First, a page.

Sourced from A Hollywood Tragedy: Laird Cregar by Gregory William Mank (2018)
Introduction by Caren Feldman
The Lodger is a 1944 suspense film set in London. Slade (Cregar) plays a serial killer and is a lodger in a 19th-century family’s London home. Also a lodger at the same time in the same house is a singer named Kitty Langley (Oberon). Because of her looks and wit, Slade has a keen interest in her. Women are being brutally killed in the Whitechapel district. Scotland Yard is investigating and a detective, John Warwick (Sanders), begins to cast his suspicions in Slade’s direction. Kitty, meanwhile, has also developed an attraction to Slade. Slade goes to see her perform at a cabaret. He goes backstage afterward and tries to make her his next victim, but Warwick’s men get there just in time. Unwilling to be taken into police custody, Slade flees to the riverbank and leaps to his death.
As for commentary, George Sanders is worthy of some discussion. Born in the Russian Empire in 1906, his parents fled to England in 1917, at the outbreak of the Russian Revolution. With a long career in the entertainment world, Sanders was an actor in over 100 films and several television shows, as well as an author, singer/songwriter, and music composer. As an actor, he won an Academy Award in 1950, playing the role of Addison DeWitt in the movie All About Eve. Among his many wives, he was married to Zsa Zsa Gabor and later to her elder sister, Magna Gabor. This was to be his final marriage and it lasted only 57 days. He died of a barbiturate overdose at the age of 65, while visiting Spain in 1972. He left behind three suicide notes, one of which read: “Dear World, I am leaving because I am bored. I feel I have lived long enough. I am leaving you with your worries in this sweet cesspool. Good luck.” Perhaps it is better to go gently into that good night, rather than to fade away. George Sanders has two stars on the Hollywood Walk of Fame: one for film work and one for television work.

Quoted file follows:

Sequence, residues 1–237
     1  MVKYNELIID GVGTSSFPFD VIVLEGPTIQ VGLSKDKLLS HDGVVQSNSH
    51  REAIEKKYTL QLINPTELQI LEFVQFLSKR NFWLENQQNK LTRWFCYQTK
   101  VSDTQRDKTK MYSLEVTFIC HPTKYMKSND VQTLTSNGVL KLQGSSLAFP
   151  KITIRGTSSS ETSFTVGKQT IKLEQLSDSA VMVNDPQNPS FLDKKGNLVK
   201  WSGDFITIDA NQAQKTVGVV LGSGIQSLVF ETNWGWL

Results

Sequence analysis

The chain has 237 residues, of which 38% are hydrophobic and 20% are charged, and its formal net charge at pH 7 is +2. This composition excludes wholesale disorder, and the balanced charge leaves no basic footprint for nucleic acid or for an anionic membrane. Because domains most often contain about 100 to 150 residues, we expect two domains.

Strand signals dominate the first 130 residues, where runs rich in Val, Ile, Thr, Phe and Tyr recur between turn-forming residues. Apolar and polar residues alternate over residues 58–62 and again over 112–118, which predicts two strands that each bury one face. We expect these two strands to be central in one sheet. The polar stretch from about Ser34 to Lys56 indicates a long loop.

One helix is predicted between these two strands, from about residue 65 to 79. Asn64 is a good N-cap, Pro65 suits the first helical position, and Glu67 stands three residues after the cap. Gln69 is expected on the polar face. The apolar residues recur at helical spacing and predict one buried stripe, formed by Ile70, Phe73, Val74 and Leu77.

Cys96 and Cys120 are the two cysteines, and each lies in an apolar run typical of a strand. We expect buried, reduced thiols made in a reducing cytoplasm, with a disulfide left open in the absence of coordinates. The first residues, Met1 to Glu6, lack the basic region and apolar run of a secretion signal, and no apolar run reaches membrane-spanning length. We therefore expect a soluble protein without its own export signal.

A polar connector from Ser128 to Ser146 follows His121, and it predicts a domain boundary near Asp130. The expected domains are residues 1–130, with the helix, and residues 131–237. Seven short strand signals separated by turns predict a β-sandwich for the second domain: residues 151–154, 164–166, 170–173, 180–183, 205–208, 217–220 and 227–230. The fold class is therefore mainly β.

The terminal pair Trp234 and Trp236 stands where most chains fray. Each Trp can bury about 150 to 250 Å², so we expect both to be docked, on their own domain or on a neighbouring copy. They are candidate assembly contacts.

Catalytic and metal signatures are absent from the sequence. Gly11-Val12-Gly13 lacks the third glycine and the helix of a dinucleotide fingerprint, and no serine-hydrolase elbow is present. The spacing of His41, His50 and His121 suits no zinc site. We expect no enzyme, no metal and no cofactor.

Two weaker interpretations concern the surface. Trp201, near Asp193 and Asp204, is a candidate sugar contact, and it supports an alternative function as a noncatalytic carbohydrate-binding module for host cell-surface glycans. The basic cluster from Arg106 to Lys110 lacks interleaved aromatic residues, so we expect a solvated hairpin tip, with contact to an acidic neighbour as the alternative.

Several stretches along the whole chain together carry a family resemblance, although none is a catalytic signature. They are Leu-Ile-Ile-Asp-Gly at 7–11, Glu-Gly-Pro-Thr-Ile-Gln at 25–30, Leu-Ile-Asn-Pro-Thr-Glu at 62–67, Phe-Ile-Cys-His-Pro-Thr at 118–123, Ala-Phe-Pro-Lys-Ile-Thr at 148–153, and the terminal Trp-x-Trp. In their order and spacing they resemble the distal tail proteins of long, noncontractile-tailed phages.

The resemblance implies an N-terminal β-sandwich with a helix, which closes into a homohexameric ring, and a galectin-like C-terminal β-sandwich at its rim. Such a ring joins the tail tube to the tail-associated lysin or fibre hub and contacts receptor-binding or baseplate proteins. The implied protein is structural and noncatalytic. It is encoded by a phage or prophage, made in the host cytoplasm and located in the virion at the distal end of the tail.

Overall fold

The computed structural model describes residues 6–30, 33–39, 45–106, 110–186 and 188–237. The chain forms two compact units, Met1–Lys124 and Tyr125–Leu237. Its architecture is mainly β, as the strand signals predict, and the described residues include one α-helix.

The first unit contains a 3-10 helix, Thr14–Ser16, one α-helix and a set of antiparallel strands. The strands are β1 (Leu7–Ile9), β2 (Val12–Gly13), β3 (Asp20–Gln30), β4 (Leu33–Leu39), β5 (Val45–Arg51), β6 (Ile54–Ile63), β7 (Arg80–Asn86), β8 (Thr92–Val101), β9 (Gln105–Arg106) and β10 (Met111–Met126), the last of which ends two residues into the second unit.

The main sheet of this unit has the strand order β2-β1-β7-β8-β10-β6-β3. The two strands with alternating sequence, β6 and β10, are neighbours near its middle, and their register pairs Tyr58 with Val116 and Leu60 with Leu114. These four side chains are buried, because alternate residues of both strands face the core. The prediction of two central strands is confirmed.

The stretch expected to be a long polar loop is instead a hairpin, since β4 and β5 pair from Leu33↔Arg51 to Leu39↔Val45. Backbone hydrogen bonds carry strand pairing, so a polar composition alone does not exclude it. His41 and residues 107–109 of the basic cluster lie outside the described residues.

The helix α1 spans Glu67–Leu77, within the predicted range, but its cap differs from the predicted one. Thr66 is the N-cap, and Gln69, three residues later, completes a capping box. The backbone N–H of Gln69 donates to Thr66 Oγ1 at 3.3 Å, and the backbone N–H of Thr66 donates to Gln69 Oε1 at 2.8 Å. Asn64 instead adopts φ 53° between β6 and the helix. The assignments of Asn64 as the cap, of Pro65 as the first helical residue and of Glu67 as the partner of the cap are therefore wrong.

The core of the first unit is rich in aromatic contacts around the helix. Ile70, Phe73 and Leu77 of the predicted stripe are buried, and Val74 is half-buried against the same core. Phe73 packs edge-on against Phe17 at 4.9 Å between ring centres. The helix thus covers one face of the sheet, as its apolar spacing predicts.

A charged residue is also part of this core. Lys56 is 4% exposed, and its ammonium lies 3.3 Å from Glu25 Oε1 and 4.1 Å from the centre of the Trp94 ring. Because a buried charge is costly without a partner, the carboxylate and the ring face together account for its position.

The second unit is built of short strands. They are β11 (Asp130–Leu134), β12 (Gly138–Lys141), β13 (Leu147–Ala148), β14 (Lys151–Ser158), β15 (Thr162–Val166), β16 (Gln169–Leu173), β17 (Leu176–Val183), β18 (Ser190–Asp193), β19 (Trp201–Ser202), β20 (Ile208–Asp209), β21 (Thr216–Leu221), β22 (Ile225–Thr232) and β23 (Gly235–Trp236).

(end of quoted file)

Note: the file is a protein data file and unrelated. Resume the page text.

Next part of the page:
Notes by Peter Bartel